Sunday, 28 August 2016

Heritage Week 2016: food in Iron Age Ireland

In Ireland, we have just finished celebrating Heritage Week 2016. Heritage Week in Ireland is coordinated by the Heritage Council and is a part of European Heritage Days -- an initiative of the Council of Europe and the European Union. The main aim of European Heritage Days are to promote awareness of our built natural and cultural heritage, and to promote Europe's common cultural heritage. We celebrate for a whole week in Ireland, with more than 1700 events organised throughout the country.

This year, I was again involved in the event organised by my research project, "Seeing Beyond the Site: Settlement and Landscape in Later Prehistoric Ireland". The project is funded through the INSTAR scheme, which is coordinated by the Heritage Council. For Heritage Week, the team hosted an event, Food and eating in Irish prehistory, in the Cork Public Museum to showcase research activities on our project.

We showed adults and children how archaeologists find out about life in Iron Age Ireland (700 BC--AD 400) through investigation of plant remains, pollen, animal bone, artefacts and archaeological sites. Staff from the Cork Butter Museum joined us to showcase traditional techniques for making butter. An artisan baker in Cork -- Declan Ryan from Arbutus Breads -- also created breads so that people could see (and taste) bread made from cereals that were typically grown in Iron Age Ireland. We had several hundred visitors, and it was a very enjoyable day.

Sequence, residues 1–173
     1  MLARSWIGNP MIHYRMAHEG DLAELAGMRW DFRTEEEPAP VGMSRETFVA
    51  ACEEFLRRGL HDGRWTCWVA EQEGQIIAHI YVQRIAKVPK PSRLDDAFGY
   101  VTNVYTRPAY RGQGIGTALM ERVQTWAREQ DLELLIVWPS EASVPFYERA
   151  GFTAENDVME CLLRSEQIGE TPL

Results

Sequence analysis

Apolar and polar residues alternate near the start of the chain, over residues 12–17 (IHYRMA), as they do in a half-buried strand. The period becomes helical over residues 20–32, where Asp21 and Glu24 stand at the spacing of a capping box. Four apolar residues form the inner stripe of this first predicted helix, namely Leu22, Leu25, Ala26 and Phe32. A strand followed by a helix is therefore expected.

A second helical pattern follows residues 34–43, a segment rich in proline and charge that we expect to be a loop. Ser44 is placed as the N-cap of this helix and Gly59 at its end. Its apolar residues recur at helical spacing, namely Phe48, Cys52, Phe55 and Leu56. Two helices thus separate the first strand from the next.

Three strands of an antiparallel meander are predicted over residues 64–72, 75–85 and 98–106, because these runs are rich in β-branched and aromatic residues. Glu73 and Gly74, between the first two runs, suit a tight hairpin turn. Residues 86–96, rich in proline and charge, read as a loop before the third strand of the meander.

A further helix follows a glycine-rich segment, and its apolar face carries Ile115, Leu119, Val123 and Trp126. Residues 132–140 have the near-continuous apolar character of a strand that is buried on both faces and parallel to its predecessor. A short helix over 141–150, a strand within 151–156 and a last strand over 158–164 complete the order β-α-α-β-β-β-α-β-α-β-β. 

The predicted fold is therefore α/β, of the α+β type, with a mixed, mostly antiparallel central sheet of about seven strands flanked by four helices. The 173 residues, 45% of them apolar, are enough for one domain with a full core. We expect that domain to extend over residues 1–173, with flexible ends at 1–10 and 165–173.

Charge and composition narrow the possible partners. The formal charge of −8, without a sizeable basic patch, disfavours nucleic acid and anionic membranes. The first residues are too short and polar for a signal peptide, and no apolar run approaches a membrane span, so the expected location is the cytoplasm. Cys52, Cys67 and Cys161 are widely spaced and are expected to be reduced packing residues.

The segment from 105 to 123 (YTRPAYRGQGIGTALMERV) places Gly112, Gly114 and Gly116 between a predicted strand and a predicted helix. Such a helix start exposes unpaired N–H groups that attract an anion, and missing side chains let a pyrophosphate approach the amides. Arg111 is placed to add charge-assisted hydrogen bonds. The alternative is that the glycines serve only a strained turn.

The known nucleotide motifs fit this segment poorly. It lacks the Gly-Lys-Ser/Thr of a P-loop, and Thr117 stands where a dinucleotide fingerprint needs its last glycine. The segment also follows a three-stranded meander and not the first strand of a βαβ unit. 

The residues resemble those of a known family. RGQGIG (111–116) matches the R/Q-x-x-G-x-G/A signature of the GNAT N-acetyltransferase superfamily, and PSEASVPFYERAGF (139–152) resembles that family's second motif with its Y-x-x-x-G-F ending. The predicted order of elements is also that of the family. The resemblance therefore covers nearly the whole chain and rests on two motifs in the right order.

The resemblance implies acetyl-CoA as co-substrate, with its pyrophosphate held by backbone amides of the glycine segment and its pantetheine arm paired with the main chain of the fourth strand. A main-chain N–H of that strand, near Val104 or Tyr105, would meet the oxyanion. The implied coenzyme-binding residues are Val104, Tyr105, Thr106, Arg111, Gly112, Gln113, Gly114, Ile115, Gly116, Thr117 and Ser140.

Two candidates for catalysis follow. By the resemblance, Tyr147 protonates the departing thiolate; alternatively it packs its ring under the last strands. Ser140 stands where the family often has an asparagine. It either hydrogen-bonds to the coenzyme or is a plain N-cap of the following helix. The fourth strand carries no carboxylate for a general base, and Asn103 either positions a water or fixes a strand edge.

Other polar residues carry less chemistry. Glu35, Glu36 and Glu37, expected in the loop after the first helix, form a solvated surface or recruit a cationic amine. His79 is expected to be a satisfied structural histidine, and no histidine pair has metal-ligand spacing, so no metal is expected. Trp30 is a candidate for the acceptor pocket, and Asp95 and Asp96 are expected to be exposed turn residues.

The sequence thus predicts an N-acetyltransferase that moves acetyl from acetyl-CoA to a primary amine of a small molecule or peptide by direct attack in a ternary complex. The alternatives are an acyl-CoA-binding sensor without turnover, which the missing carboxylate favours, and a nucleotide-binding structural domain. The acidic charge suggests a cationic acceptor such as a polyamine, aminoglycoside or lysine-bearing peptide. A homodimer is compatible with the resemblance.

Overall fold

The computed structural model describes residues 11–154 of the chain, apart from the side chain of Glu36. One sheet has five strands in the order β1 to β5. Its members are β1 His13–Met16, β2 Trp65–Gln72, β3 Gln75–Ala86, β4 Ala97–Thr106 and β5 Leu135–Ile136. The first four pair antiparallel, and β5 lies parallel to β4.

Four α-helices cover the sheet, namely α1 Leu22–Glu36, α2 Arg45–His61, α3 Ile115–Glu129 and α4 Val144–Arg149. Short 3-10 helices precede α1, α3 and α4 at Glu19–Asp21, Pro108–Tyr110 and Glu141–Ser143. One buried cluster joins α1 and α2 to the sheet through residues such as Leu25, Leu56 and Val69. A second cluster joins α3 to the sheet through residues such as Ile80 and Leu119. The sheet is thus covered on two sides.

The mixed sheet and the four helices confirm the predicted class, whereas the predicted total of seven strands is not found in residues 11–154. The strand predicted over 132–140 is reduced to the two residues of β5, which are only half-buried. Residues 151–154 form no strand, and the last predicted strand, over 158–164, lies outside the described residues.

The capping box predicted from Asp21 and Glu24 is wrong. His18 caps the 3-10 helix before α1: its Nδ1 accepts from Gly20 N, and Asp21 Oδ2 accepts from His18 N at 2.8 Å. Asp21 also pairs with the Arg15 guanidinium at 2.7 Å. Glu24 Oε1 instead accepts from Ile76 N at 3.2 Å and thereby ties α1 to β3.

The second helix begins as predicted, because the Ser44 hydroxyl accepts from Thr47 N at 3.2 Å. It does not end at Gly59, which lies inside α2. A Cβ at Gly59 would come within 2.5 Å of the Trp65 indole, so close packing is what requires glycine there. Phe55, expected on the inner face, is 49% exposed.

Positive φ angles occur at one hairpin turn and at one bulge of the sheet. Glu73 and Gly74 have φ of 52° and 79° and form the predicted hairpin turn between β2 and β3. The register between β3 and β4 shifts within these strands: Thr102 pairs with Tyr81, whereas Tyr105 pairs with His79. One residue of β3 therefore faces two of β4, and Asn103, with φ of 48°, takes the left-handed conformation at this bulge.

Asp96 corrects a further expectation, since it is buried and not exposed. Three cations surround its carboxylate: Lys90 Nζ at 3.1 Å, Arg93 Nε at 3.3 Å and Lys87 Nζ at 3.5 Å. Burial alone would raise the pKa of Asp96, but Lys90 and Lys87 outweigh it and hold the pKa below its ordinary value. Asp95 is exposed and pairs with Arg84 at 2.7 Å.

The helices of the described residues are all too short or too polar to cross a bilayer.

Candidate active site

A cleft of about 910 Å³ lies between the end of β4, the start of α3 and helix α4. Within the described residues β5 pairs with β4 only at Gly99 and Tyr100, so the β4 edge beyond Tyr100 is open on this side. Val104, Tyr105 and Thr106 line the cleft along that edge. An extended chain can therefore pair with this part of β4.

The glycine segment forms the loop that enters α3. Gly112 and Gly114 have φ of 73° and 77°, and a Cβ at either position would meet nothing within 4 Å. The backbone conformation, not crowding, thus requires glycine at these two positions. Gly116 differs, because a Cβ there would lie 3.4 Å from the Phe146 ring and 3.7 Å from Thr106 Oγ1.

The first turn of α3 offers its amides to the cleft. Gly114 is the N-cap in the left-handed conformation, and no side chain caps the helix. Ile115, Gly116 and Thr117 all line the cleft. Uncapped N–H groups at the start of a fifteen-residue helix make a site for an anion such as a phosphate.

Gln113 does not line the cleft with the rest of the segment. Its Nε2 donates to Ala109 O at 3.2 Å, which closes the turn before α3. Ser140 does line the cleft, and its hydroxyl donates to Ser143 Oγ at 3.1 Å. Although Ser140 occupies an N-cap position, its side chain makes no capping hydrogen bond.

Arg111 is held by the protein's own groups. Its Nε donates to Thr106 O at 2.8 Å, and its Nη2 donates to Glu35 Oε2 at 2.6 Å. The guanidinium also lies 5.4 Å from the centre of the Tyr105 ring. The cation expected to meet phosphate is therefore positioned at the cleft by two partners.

Grinding grains on a prehistoric quern stone (image: UCC)
During the event, I introduced people to archaeobotany by showing them beautifully preserved examples of charred barley grains, dating to the later prehistoric period. We compared the ancient grains with modern barley grains to understand how the archaeological material had become preserved. We also looked at other types of cereals that were eaten in late prehistory, and then we learnt about the types of foods and drinks that would have been produced. Thanks to the National Museum of Ireland, our visitors were able to grind cereal grains on a real archaeological quern stone, possibly dating to the Bronze Age.

You can see more about my work on the day here, thanks for videos produced by University College Cork to promote the event.

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